21. 21. Why Metabolic Alkalosis is so important? • Severe alkalemia (pH >7.6) can lead to increased binding of free calcium to albumin and hence decreased free blood calcium which impairs cardiac contractility • Alkalosis shifts O2-Hb dissociation curve to left, leading to decrease release of O2 to tissues • Decreased CO2 in CNS>Cerebral vasoconstriction>Depressed consciousness, seizures • Decreased ionised calcium> carpopedal spasms • Depression of respiratory system: • Hypoventilation • Decreased hypoxic drive
  22. 22. Causes of Metabolic Alkalosis CHLORIDE RESPONSIVE (urinary chloride <15 mEq/L) CHLORIDE UNRESPONSIVE (urinary chloride >20 mEq/L) Gastric losses (emesis or nasogastric suction) Diuretics (loop or thiazide) Chloride losing diarrhea Chloride deficient formula Cystic fibrosis Post hypercapnia Iv penicillin HIGH BLOOD PRESSURE Adrenal adenoma or hyperplasia Glucocorticoid remediable aldosteronism Renovascular disease Renin secreting tumor 17 α hydroxylase deficiency 11ß hydroxylase deficiency Cushing syndrome 11ß hydroxysteroid dehydrogenase deficiency Licorice ingestion Liddle syndrome NORMAL BLOOD PRESSURE Gitelman syndrome Bartter Syndrome Autosomal dominant hypoparathyroidism Base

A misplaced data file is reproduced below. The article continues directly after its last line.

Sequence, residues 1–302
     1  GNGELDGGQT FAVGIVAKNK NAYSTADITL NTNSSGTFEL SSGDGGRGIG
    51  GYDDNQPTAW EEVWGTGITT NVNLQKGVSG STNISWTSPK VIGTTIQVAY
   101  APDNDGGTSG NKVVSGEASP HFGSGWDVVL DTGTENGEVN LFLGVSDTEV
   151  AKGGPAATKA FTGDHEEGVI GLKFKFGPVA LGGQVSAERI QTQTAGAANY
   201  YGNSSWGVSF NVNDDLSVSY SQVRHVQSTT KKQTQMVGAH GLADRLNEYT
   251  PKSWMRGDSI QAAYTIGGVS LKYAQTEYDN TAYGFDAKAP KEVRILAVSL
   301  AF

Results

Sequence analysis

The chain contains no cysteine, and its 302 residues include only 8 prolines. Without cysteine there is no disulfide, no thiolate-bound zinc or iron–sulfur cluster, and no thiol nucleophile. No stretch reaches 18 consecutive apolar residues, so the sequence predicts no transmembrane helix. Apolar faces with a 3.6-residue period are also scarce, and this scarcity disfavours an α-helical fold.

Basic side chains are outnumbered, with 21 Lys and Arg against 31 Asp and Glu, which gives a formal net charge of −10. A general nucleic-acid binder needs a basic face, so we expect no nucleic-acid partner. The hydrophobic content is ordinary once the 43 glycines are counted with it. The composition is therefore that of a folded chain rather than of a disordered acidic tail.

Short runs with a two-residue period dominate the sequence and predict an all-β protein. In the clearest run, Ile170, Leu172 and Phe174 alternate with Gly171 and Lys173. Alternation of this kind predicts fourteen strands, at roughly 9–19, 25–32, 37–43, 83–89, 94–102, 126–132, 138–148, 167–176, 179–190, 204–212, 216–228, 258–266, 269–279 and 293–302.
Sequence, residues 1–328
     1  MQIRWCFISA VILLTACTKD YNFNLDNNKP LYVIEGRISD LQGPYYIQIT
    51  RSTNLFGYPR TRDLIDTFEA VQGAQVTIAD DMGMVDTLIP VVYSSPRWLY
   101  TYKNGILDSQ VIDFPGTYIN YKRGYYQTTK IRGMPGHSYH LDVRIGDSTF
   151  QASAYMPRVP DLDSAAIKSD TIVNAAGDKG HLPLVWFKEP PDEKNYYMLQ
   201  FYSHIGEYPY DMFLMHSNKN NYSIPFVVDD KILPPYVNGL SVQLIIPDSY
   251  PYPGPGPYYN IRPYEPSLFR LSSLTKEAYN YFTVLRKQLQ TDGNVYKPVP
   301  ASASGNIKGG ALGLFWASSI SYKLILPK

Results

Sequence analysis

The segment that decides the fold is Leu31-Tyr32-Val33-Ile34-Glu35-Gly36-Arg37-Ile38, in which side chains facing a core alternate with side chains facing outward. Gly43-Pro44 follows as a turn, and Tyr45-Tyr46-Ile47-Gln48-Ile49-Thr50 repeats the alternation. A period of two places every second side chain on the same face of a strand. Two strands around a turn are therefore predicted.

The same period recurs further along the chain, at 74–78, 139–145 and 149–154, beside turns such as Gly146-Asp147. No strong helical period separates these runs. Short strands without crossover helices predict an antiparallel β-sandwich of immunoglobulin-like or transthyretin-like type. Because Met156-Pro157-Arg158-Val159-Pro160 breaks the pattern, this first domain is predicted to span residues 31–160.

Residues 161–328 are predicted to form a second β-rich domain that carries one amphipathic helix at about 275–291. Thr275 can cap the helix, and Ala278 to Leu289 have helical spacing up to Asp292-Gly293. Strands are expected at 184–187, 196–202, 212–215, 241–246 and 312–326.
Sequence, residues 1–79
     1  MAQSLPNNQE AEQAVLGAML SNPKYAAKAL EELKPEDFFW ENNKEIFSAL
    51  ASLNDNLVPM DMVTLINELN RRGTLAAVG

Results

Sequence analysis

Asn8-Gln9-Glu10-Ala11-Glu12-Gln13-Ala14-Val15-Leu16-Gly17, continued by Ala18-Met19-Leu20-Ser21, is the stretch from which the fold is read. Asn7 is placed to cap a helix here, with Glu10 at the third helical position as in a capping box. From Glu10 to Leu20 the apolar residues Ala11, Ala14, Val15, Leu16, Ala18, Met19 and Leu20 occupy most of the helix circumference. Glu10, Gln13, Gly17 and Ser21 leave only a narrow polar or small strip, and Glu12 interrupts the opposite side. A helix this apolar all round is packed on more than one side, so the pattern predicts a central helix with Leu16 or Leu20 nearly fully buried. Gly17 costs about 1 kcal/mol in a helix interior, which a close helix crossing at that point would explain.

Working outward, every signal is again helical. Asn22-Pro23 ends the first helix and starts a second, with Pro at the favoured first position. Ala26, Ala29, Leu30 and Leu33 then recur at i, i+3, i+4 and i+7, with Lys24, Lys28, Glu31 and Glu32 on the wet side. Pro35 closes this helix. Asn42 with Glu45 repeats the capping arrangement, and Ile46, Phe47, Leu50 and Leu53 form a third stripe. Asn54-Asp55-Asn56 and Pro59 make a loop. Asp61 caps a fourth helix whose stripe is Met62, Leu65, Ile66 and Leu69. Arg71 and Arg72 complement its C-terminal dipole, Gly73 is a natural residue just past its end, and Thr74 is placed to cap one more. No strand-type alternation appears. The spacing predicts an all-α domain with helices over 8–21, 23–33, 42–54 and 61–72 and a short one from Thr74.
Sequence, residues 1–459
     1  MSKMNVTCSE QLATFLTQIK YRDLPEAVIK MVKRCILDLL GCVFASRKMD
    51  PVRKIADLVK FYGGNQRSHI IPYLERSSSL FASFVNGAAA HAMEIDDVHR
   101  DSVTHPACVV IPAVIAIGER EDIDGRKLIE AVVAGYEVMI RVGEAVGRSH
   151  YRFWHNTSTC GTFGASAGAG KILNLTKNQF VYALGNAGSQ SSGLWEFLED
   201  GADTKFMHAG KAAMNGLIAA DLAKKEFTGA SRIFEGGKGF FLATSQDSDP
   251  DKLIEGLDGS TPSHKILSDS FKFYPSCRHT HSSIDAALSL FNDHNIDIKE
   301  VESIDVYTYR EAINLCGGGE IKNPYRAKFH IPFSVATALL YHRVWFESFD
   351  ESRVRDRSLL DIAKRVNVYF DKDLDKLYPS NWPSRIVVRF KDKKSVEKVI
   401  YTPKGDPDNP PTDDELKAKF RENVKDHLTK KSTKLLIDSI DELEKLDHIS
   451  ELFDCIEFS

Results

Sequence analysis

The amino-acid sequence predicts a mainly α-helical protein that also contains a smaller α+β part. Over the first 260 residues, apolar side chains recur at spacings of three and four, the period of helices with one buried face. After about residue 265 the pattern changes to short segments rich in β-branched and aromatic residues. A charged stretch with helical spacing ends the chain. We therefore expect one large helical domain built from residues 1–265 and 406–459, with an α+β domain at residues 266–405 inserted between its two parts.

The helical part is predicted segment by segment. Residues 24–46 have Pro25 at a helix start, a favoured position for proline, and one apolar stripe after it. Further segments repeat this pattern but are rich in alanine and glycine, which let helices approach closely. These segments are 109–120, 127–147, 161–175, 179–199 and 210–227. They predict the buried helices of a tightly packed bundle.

23. 23. Urinary classification of metabolic alkalosis • Why is this useful? -If urinary chloride is low, • The alkalosis is likely due to volume depletion • will respond to saline infusion -If urinary chloride is high, • Likely the alkalosis is due to hypokalemia or aldosterone excess • Will not respond to saline infusion